I have always been drawn to Lean business concepts and how they seem to cut to the chase, literally going after the waste in process and looking at facts rather than feelings. Coming from a behavioral health background, I understand how change can create feelings that may be confused with facts, and I wanted to know how Lean can work with EHR adoption.
The holiday time provided a perfect opportunity for me to talk with an expert, Bill Booth, who also happens to be a colleague and a friend. Here is his take on Lean in EHR adoption as a solution for disruption:
How do you begin on a Lean project? There seems to be so many places to begin in healthcare.
Mr. Booth: When we spoke to a large hospital network, their question was: When is my organization ready to do Lean?
Taiichi Ohno, who is considered the father of the Toyota Production System, or Lean, was asked that question many years ago. His answer was: Start where there is need – if you have a need you are ready to start.
At the same time, if there are key factors in place, it’s easier to be successful if top management understands the process and there is a business culture that understands and supports change.
It is typical that the work culture is not where it should be to support transformation. Disengaged staff, hard-to-reach physicians, and middle management scrambling are common business traits in many facilities and systems. Yet, if leadership is willing to encourage risk taking and continuous improvement – and discourage silos – then it does not have to have a perfect culture for a Lean project to be successful.
Last year at the IHI Annual Conference, Don Berwick identified what he considered the greatest risks in healthcare. Two of his top five included the failure to coordinate and deliver care and the costs of care. I believe these are still spot on and are problems that could benefit from a Lean approach. Ohno’s advice would be: start from need and move from there.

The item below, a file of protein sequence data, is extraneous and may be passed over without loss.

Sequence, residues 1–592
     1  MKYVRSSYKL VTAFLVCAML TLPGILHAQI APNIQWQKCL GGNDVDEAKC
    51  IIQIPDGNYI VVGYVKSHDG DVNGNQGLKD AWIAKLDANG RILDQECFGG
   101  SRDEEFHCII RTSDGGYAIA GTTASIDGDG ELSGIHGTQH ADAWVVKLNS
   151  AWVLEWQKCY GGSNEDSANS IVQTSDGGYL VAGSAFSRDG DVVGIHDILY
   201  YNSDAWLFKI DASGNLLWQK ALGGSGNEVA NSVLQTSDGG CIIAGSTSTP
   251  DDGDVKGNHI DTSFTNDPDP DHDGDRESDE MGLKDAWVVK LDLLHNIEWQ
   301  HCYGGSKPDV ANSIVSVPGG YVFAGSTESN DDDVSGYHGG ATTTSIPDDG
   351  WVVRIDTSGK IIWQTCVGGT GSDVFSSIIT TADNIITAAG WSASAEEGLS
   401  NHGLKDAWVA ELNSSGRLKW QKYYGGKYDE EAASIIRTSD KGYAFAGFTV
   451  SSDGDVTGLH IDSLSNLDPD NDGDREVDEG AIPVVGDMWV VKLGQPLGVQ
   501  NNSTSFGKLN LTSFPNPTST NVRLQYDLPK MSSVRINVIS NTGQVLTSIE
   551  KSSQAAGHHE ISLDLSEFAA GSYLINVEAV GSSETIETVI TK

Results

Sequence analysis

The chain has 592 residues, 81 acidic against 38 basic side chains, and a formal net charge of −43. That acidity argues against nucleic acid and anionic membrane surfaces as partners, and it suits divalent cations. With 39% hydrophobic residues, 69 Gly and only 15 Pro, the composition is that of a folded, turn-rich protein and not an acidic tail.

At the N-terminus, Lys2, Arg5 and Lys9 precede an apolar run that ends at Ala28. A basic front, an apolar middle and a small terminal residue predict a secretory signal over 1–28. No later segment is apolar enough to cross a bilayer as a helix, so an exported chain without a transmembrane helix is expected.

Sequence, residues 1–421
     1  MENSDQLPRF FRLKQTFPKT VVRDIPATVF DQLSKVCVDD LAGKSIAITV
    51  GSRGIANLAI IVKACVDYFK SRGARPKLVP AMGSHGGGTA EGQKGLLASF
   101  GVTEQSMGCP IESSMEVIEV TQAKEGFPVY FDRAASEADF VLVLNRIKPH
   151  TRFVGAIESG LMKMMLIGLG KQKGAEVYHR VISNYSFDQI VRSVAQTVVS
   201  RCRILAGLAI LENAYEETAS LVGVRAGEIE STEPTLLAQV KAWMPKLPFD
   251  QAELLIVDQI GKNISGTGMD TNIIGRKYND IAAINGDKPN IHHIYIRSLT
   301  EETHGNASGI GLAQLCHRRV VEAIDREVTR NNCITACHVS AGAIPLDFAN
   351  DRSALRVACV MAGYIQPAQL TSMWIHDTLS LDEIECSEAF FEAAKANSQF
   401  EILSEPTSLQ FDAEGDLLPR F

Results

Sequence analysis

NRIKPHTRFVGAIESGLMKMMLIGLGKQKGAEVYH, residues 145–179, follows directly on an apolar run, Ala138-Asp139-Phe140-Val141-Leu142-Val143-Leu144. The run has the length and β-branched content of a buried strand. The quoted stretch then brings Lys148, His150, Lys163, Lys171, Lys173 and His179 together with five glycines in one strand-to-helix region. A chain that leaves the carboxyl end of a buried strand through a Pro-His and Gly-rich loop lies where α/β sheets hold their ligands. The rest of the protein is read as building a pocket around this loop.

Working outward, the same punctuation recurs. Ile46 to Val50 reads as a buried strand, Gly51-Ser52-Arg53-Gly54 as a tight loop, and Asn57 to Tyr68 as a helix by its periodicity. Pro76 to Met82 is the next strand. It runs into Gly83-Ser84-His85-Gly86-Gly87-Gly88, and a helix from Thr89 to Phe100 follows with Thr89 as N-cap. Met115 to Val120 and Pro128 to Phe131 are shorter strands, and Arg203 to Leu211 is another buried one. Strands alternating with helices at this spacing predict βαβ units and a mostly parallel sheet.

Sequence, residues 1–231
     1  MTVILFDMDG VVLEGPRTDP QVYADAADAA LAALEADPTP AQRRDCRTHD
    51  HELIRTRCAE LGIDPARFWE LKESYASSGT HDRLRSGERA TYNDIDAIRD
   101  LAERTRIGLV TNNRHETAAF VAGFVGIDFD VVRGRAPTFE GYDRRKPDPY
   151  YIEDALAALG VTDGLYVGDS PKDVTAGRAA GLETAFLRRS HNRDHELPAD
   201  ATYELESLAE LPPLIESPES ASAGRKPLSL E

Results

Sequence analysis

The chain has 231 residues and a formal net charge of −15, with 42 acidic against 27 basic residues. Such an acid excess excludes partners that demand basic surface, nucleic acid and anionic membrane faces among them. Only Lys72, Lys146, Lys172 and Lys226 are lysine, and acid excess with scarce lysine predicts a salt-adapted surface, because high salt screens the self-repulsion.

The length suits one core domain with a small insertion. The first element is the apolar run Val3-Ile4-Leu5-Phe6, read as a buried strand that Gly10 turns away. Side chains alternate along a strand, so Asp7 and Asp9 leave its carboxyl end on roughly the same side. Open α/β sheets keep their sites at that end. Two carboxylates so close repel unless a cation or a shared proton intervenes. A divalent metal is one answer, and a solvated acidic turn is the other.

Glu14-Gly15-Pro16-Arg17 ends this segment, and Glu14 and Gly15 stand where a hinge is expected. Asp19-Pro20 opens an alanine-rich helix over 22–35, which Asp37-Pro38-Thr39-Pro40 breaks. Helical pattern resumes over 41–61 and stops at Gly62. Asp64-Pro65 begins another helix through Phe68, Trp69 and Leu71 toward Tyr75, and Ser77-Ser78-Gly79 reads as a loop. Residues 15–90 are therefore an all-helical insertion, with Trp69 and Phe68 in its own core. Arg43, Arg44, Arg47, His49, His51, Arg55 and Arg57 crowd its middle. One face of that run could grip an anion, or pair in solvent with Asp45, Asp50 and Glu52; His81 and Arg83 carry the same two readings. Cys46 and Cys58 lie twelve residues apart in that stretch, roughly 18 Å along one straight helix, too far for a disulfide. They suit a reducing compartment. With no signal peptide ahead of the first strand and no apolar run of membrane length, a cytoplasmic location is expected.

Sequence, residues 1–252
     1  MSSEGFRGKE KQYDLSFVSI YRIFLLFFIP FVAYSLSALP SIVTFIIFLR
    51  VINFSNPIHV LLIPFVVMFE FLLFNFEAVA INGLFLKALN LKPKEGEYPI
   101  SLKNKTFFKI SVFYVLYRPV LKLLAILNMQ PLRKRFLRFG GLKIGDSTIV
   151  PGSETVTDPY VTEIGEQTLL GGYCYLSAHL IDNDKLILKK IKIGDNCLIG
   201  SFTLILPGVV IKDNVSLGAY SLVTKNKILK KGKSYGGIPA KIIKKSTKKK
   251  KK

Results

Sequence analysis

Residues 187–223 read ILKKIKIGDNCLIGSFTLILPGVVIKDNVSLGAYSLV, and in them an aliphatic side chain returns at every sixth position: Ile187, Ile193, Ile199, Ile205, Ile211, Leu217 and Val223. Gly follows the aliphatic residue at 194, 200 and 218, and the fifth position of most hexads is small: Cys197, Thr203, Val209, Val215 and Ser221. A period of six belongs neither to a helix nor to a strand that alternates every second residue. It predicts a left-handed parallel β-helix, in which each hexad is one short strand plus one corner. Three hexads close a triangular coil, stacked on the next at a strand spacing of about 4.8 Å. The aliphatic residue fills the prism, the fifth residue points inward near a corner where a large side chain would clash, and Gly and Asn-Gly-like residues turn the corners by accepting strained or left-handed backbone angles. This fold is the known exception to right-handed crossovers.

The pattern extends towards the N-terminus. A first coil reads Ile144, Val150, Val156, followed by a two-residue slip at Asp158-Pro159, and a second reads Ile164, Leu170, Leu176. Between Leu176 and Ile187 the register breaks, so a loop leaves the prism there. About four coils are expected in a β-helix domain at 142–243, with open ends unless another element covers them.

I have seen great success using Lean principles in revenue cycle, patient flow, quality metrics, Meaningful Use, EHR adoption, care coordination and readmissions. Actually, any number of places within an organization that has a great need can benefit.
Can you say more about EHR adoption and Lean processes?
Mr. Booth: There are many disruptive factors in healthcare. We are seeing technology replace paper almost overnight and workflows struggle to support the demands of the EHR.
Where EHRs are already in place, new systems that are better designed to meet ARRA/HITECH requirements are replacing older ones. This disruption affects efficiency of the practice significantly.
The practice has attested Stage 1 Meaningful Use, yet the practice is in chaos and efficiency and workflows are upside-down. This is precisely where Lean and kaizen are perfect remedies. Kaizen can literally mean: “to take apart and put back together in a better way.”
Systems have been taken apart by technology, now we have an opportunity to put them back together in a better way. Of course it is always good when the workflow design is done on the front end of these projects, but with the charge to Meaningful Use we are finding that there are several organizations that are now doing the clean-up.
Does everyone need to become a Lean expert?
Mr. Booth: It helps to have a person leading the team who understands the tools, the techniques and the philosophy. It is important to understand that Lean is a set of management science tools yet more than the tools. At its core, it’s a respect for people because it helps them learn how to do their jobs better.
I know there are cases where Lean has gotten a black eye, because those in charge did not remember the core Lean philosophy – people, and investment in their success.
A Lean leader is always learning. It is helpful for everyone on the team to have an understanding of the language of Lean, just like we have a language of EHR, and a clinical language. We do not all need to become experts, yet it is helpful to have a guide to get you started.
What does 2013 hold for Lean? How can it help us in health IT?
Mr. Booth: Where there is change there is a great place to apply Lean tools and philosophy. In 10 to 15 years we will look back on what hospitals and physicians went through and say, “How did we do it?” Lean as a process, as a technique to manage this time of transformation provides a great framework for thinking through the challenge before us.